To write or not to write?

Sex and the Capital City: The question of documenting one's relationship online

Sex and the Capital City: The question of documenting one's relationship online

Austin Photo Set: News_mikela_boyfriend column_feb 2013

Internet, it’s confession time. Many thought it would never happen: that my endless stream of bad dates would in fact never actually end, my freezer would be forever stocked with Lean Cuisines and I’d remain one of many whiney women stuck in single-dom. While a few of these things are still true (I’ll let you decide which ones), one thing has changed.

I’m in a relationship. A healthy, happy relationship. With a man. (I felt that needed clarification. I’m not celebrating a union with chocolate here, in true Cathy cartoon fashion.)

 What’s a dating columnist to do when she lands herself a boyfriend? 

As I mentioned a few weeks ago, I began this column as a way to flex my cathartic muscles and document my dating tribulations. And now I find myself in a bit of a pickle. A great pickle, mind you, but a pickle nonetheless.

What’s a dating columnist to do when she lands herself a boyfriend?

As soon as my smitten-ness took shape, I began fielding questions from both my friends and his. “So what does this mean for your column?” I answered noncommittally, deciding to avoid addressing the issue, and sticking with the fluffier subjects you’ve seen as of late. But it’s time to face the music.

There are a number of ways to go here. Do I hold onto my candid card and continue to keep things real online? Do I document the crucial first steps in our budding relationship? A reader of the column prior to meeting me, the man mentioned above has given me the sign-off to do whatever my comfort level dictates. But if I pour out my heart and soul online, I’m essentially unlocking my diary for him (and all) to see.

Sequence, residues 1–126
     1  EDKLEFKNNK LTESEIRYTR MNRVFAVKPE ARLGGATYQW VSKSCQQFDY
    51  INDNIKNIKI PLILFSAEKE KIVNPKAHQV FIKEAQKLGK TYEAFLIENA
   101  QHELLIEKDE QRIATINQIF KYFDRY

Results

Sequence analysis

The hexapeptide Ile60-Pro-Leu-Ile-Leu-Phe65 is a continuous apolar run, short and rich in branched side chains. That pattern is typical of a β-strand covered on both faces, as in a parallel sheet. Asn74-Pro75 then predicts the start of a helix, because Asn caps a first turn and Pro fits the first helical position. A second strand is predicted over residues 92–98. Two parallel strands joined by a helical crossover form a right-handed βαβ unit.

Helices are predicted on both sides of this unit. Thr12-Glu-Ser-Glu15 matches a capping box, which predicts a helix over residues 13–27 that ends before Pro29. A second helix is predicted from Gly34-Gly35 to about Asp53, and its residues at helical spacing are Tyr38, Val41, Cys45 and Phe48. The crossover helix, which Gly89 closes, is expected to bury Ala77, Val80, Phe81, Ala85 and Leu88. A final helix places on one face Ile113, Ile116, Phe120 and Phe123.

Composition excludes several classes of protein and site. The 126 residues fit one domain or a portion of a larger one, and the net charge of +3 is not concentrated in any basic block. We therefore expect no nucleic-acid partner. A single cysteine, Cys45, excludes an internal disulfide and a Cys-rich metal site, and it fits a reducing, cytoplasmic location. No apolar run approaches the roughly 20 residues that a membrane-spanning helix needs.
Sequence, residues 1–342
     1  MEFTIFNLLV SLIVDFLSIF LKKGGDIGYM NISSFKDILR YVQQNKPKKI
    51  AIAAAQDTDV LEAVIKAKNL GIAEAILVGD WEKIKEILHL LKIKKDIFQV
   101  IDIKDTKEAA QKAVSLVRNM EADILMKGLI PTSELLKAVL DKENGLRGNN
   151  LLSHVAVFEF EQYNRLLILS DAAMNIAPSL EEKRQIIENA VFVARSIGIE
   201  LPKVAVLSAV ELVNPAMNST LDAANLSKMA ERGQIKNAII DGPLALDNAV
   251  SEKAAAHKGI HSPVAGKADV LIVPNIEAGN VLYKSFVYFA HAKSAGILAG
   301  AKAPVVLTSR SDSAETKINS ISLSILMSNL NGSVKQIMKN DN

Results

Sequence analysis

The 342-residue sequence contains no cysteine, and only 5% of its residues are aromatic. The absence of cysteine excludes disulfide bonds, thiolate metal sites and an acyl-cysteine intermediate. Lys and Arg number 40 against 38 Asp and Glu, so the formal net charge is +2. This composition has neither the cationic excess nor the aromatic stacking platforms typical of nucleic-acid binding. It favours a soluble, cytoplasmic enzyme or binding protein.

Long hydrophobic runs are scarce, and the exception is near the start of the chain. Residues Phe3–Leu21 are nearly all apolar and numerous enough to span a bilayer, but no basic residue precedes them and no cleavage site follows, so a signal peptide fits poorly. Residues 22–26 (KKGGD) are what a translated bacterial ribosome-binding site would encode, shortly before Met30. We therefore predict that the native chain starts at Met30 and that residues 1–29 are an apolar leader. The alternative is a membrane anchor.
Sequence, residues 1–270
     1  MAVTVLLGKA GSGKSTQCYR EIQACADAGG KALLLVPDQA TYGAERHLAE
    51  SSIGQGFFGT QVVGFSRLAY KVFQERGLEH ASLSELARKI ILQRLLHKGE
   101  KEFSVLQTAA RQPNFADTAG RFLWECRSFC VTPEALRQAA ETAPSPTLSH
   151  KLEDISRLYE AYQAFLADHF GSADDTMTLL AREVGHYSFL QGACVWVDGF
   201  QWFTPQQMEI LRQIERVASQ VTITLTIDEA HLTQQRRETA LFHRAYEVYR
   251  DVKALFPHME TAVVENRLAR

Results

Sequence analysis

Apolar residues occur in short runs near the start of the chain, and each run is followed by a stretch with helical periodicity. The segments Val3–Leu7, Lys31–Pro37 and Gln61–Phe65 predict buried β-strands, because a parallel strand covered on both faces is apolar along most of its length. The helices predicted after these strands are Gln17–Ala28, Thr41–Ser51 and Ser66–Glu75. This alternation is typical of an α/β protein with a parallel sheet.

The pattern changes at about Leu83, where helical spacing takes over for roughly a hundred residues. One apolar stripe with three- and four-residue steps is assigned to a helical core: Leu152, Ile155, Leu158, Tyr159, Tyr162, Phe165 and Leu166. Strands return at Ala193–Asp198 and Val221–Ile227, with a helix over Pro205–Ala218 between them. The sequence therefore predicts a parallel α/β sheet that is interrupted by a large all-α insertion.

Which is terrifying, but it really shouldn’t be. If you’re at the point in a relationship where you’re being truly honest, there really isn’t much that’s off the table. But there are some things you tell to girlfriends, and some things you tell to your boyfriend. The Internet is gender neutral, and not exactly cruelty-free.

The other issue? No one wants to read the good stuff. And all I’ve got is good stuff. (Gag me, I know. I’m gross now. Deal with it.) People want the horror stories, and that genre isn’t one I’m interested in these days.

Another option that many have suggested is to pull from the dating lives of my friends, and offer up the stories of my cohorts. And stories are there ever. But does that chisel away at my journalistic integrity? Things don’t flow onto the page as easily when it’s not personal, and I’m not looking to complicate matters here.

I’ve gotten used to hateful comments as it’s pretty much the name of the game when you write about yourself. I’m not facing the scrutiny thrown at Lena Dunham or anything, but I’ve had my fair share of troll-y interactions, and my skin has gotten a bit thicker as a result. But having someone weigh in on your relationship with another person? A person you don’t hate? That’s a whole different ballgame, one that I’m not sure either of us are limbered up for.

So, what do I do? I’m not complaining about the change in my situation by any means, in fact, the opposite. But I’m torn here, and I’m looking for some advice. Calling it quits on my column isn’t something I'm keen on, but can I have my cake and eat it too? Because I really like cake…